On That Secret Patriot Act
May 28, 2011

So a couple of days ago, President Obama (or, more accurately, a mechanical President Obama impersonator) signed off on an extension of several key provisions of the Patriot Act. TPM’s Ryan J. Reilly has a rundown of what we know about the provisions here. I say “what we know” because, as Spencer Ackerman reported a day earlier, we don’t know as much about the bill as we thought we did:

Congress is set to reauthorize three controversial provisions of the surveillance law as early as Thursday. Wyden (D-Oregon) says that powers they grant the government on their face, the government applies a far broader legal interpretation — an interpretation that the government has conveniently classified, so it cannot be publicly assessed or challenged. But one prominent Patriot-watcher asserts that the secret interpretation empowers the government to deploy ”dragnets” for massive amounts of information on private citizens; the government portrays its data-collection efforts much differently.

“We’re getting to a gap between what the public thinks the law says and what the American government secretly thinks the law says,” Wyden told Danger Room in an interview in his Senate office. “When you’ve got that kind of a gap, you’re going to have a problem on your hands.”

Because Wyden can’t elaborate on classified information, there’s no way for us to know for sure what the government’s secret interpretation of the act looks like. The closest we can get is probably Julian Sanchez’s circumstantial case for a secret expansion of the government’s geolocation tracking powers. And the same thing that goes for us rubes in the peanut gallery also goes for most of the Senators and House members who voted for the extension — Wyden has clearance to see the White House’s version of the law, but most of his colleagues don’t.

So to clarify: President Obama goes to Congress with an unmarked box tucked under his arm. He displays the box to the assembled Congresspeople and says, “You will grant me the power to use the contents of this box whenever I see fit.” Congress doesn’t inspect the box. Only a tiny handful of them look in the box, and what they see they keep to themselves. And the rest just affix their rubber stamp so they can get back to the real work of failing to pass a budget.

What I’d like to see is the list of Congresspeople who don’t have the clearance to see what this law really does, but blithely cast their vote for it anyway. Then I’d like to call up the offices of each and every one of them and ask them what they think Congress’ oversight duties are supposed to entail.

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DADT and Legislating from the White House
November 10, 2010

 

Gay flag

Confession: At first I was sort of conflicted about Adam Serwer’s suggestion that the president repeal DADT by executive order.Obviously I recognize that the military’s policy of discriminating against its LGBT members and forcing them to live in secret is a monumental moral outrage. And I also recognize the harm done to national security by a law that demands the senseless ostracizing of capable and patriotic Americans.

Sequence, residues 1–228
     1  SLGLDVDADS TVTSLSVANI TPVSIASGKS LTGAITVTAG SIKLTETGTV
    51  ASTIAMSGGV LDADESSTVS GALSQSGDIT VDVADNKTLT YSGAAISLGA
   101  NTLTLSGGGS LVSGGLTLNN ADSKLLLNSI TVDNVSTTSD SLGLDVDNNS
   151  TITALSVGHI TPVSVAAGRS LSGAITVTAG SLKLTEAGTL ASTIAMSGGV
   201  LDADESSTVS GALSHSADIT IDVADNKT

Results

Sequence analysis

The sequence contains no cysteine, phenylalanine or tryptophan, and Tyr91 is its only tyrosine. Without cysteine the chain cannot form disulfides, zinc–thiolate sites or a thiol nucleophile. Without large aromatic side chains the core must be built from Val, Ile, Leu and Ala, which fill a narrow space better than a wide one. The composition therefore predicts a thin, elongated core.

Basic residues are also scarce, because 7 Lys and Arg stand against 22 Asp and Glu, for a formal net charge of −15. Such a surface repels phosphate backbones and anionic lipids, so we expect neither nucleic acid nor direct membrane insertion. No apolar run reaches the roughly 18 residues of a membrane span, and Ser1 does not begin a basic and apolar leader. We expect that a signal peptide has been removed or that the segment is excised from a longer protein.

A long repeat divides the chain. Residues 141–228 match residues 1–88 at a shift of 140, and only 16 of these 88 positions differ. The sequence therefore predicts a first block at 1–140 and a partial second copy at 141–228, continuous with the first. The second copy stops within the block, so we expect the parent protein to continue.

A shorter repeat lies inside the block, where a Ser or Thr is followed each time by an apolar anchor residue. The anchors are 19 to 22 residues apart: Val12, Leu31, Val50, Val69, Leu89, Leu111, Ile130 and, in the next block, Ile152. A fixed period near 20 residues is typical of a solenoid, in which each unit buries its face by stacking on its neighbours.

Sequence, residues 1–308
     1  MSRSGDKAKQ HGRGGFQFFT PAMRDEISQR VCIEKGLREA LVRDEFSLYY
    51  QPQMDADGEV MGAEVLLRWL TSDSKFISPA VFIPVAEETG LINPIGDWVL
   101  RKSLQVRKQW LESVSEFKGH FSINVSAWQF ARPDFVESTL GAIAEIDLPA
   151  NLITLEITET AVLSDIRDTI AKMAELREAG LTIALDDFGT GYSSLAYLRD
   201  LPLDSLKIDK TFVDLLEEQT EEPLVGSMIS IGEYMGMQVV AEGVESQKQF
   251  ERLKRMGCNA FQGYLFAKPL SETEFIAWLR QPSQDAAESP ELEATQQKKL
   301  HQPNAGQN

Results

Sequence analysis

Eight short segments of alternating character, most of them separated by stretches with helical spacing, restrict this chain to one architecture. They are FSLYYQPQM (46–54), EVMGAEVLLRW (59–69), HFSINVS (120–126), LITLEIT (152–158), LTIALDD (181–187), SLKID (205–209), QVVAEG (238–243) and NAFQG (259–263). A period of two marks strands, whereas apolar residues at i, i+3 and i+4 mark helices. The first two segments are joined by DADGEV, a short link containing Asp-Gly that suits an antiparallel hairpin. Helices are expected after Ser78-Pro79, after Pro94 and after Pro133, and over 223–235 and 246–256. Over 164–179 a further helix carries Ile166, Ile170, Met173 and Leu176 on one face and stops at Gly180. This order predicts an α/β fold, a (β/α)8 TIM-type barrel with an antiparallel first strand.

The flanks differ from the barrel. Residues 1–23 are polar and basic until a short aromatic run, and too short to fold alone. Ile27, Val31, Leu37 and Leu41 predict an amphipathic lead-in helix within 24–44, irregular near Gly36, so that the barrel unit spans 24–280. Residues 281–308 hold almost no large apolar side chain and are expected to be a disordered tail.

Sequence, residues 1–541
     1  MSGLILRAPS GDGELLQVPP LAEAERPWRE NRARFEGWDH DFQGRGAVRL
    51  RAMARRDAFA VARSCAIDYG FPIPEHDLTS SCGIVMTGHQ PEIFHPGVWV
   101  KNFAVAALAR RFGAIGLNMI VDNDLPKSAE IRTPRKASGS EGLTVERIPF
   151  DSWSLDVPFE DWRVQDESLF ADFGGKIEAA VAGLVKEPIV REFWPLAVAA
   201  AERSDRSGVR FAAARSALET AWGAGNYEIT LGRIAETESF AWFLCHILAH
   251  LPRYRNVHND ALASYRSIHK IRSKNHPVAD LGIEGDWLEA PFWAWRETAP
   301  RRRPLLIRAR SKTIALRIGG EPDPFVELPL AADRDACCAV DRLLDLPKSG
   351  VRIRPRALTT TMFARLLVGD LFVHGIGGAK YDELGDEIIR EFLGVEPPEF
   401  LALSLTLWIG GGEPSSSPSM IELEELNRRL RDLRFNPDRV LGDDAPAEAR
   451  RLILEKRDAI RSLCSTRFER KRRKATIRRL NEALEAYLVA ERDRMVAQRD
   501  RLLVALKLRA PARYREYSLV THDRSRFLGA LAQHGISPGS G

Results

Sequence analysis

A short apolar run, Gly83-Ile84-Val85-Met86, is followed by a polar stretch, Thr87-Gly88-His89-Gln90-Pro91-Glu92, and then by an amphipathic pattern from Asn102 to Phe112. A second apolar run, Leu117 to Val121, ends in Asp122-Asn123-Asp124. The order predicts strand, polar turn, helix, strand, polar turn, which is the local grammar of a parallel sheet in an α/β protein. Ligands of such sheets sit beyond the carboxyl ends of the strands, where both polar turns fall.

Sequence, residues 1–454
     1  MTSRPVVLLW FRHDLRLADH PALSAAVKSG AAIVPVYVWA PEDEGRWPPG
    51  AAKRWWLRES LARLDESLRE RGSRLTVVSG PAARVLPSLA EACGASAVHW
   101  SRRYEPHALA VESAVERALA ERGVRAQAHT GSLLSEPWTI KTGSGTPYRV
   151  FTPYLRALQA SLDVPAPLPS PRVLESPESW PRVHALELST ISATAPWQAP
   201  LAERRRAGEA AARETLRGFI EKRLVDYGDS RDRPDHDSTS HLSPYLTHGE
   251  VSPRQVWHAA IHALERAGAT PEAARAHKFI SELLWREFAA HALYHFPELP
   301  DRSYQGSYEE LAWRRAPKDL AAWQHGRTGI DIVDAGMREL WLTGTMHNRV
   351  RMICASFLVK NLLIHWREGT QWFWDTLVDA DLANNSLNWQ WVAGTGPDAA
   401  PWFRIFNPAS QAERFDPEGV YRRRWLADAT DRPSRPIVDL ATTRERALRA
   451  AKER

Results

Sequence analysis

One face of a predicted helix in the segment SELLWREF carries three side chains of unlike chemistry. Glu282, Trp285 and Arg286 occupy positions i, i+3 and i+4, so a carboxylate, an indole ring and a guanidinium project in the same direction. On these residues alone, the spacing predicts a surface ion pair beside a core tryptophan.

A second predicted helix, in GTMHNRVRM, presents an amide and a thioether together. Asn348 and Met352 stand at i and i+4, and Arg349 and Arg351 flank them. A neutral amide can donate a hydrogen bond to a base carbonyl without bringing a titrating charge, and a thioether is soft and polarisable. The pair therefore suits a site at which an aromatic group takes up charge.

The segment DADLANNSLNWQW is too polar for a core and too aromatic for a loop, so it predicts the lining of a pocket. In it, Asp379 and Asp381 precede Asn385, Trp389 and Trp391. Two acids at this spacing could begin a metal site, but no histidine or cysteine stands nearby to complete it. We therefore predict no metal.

So what gave me pause? Well, just two days ago I wrote a whole column decrying the imperial presidency. Like Gene Healy, I think it’s high time that we put an end to the executive branch’s practice of legislating when they don’t want to go through the legislature. I’m not entirely unsympathetic to the notion that sweeping executive orders can be necessary in times of great urgency, but I don’t know the math for calculating that urgency threshold.

Lucky for us, Serwer addresses those concerns:

During the Bush years, liberals complained about his “imperial presidency,” and so the idea that Obama should simply end the policy by fiat would seem hypocritical. But the use of an executive order to end a policy a majority of Americans, including conservatives, want to end, is no more undemocratic than Republicans’ use of procedural maneuvers to thwart an up or down vote. Republicans holding the legislative process, and the fundamental rights of gay and lesbian servicemembers, hostage to their own homophobic prejudices, would still be the greater act of tyranny.

Here’s the thing: legislation by executive order needs to end. But it’s not a problem that exists in isolation. I would argue that a large part of the reason why the modern president is so powerful is because Congress has ceded him ground, both consciously and inadvertantly. They’ve done it consciously by passing legislative abominations like the PATRIOT Act, yes, but they’ve also done it by abiding by parliamentary rules and decorum (mostly in the Senate) that have paralyzed them on most weighty matters. The president has broad latitude to legislate in large part because the people who should be doing it aren’t.

That’s the case here. At this point, Congress should be able to repeal DADT. Were there not a 60-vote threshold in the Senate, they would have already. So in this case, I think an executive order is morally permissible — even required. As queasy as I am about the unitary executive, these are the rules of the game right now. There exist certain moral imperatives which we’re required to act on using any means those rules afford us.

If Obama takes Serwer’s advice, then we’ll come back to the issue of executive orders after he does so. But any attempt to limit the president’s power to set policy must be accompanied by an expansion of Congress’ ability to fill the void.

Crossposted at the League of Ordinary Gentlemen.

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